LIHU’E — The scream of tortured tire rubber being left on Lala Road was halted by the sickening thud of vehicle bodies making contact.
That sound interrupted classroom work at Kaua’i High School Wednesday as Shattered Dreams, an anti-drinking-and-driving, accident simulation, unfolded before an audience of over 1,300 students.
One person, a student, was pronounced dead at the scene, as she was thrown from the back of a pickup truck that was exiting the school’s access road when it was hit broadside by a compact car that was leaving the school’s parking lot at a high rate of speed.
“We were going to get lunch,” the student passenger in the compact car told Kaua’i Police Department investigators who responded to the scene with sirens screaming through the normally serene school atmosphere.
“We only had a few beers,” the student continued, his head bent as he realized the gravity of the situation that lay before him.
The two cars were surrounded by a sea of students who came to see the source of their classroom interruption, and police officers relied on the services of their current recruit class to help with crowd control as emergency responders from the Kaua’i Fire Department and American Medical Response arrived on the scene.
One student was pronounced dead on the scene, and another would die in the emergency room at Wilcox Memorial Hospital, said Lt. Mark Scribner of the Kaua’i Police Department.
Scribner has been involved in four of the Shattered Dreams programs, three on Kaua’i and one on the Big Island, with the first being at Kapa’a High School four years ago.
Since that first scenario providing a graphic demonstration of the consequences of drinking and driving, Scribner said he’s been involved in the staging of the program on the Big Island.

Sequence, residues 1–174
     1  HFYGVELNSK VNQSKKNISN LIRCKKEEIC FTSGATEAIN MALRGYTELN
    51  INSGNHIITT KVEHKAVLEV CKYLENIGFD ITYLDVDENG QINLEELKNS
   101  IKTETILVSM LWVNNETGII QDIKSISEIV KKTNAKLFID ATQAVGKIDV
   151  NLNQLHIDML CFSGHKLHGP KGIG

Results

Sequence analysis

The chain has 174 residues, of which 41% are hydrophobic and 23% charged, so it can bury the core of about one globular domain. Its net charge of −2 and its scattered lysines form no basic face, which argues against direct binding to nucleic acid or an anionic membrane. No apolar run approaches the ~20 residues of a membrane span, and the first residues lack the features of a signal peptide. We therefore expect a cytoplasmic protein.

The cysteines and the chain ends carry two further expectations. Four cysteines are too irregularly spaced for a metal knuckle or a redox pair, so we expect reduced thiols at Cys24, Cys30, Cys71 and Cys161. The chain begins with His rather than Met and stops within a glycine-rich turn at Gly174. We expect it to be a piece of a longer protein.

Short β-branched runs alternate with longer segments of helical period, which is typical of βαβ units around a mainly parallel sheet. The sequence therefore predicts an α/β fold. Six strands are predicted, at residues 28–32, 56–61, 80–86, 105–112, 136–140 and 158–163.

Two Big Island representatives witnessed the lunchtime program.
The second of Kaua’i’s Shattered Dreams events took place at Waimea High School, with the Wednesday event at Kaua’i High School marking the third time the program was held.
Scribner explained that it takes a great deal of coordination between all of the agencies involved, but the somber look of the students as they watched emergency crews respond to the situation hammered home the gravity of the event, and the consequences of what can happen when drivers drink.
Scribner said Kaua’i was the first in the state to initiate the Shattered Dreams program, and now it’s making its way to the Big Island. He added that Maui officials are supposed to do an event, and on O’ahu, talks are underway to decide which school will host the program.
The two Big Island school representatives were at the Kaua’i High School campus to prepare for their upcoming Shattered Dreams, which will be held in May at Kea’au High School.
The date would bring the message home to coincide with high school graduations as well as the proms, they said.
“No matter how much you prepare, and no matter how much you know what is going to happen, you can’t be prepared for how it’s going to affect you,” said Linda Smith, Kaua’i High School principal. “I hope the students get the message.”
Kaua’i High School has suffered fatalities among its students before, and Smith said the postevent assembly will be tailored according.
Throughout the campus, representatives of the Shattered Dreams program, identified by the black T-shirts emblazoned with “Shattered Dreams,” were readily available to counsel students who witnessed the crash and its ensuing drama.
Darrellyn Lemke, one of the committee members, explained that the scenario doesn’t just end at the high school, as there were other committee representatives at the emergency room, where parents were notified of their children’s status in the accident.
Moana Taa of the Keiki and Child Injury Prevention Coalition was the event coordinator.
As the emergency crews wrapped up their preliminary investigations and tow trucks started hauling away the accident wrecks, Keli’i Morgado, a Kaua’i High School teacher and head football coach, joined Brandon Fujita, the school’s head basketball coach, in checking the campus.
“I wouldn’t want to be the one that has to leave in the hearse,” Morgado told Fujita solemnly.
“It’s chilling,” Fujita said, adding a shiver to his point. “It’s chilling!”
- Dennis Fujimoto, staff writer and photographer, may be reached at 245-3681 (ext. 253) or email@example.com.